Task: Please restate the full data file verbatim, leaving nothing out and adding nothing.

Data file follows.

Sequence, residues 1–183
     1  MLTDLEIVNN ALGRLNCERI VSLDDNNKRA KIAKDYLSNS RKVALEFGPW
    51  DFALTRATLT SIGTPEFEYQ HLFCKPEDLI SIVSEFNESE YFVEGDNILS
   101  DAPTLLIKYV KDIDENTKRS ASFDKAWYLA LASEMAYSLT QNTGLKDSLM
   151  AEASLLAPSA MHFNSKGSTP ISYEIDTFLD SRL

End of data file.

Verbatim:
Sequence, residues 1–183
     1  MLTDLEIVNN ALGRLNCERI VSLDDNNKRA KIAKDYLSNS RKVALEFGPW
    51  DFALTRATLT SIGTPEFEYQ HLFCKPEDLI SIVSEFNESE YFVEGDNILS
   101  DAPTLLIKYV KDIDENTKRS ASFDKAWYLA LASEMAYSLT QNTGLKDSLM
   151  AEASLLAPSA MHFNSKGSTP ISYEIDTFLD SRL